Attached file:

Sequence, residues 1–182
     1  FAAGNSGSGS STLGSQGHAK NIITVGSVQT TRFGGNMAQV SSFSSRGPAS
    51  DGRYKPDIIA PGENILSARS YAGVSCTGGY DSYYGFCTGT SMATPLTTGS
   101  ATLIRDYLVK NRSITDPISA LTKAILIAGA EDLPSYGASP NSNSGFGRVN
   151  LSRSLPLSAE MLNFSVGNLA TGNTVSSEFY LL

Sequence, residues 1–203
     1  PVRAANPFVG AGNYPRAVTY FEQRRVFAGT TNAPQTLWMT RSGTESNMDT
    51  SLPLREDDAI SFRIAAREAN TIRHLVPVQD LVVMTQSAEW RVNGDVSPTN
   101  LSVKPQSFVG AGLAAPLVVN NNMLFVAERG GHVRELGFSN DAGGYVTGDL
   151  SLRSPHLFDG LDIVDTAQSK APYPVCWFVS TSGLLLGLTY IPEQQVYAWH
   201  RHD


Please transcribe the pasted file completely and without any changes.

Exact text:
Sequence, residues 1–182
     1  FAAGNSGSGS STLGSQGHAK NIITVGSVQT TRFGGNMAQV SSFSSRGPAS
    51  DGRYKPDIIA PGENILSARS YAGVSCTGGY DSYYGFCTGT SMATPLTTGS
   101  ATLIRDYLVK NRSITDPISA LTKAILIAGA EDLPSYGASP NSNSGFGRVN
   151  LSRSLPLSAE MLNFSVGNLA TGNTVSSEFY LL

Sequence, residues 1–203
     1  PVRAANPFVG AGNYPRAVTY FEQRRVFAGT TNAPQTLWMT RSGTESNMDT
    51  SLPLREDDAI SFRIAAREAN TIRHLVPVQD LVVMTQSAEW RVNGDVSPTN
   101  LSVKPQSFVG AGLAAPLVVN NNMLFVAERG GHVRELGFSN DAGGYVTGDL
   151  SLRSPHLFDG LDIVDTAQSK APYPVCWFVS TSGLLLGLTY IPEQQVYAWH
   201  RHD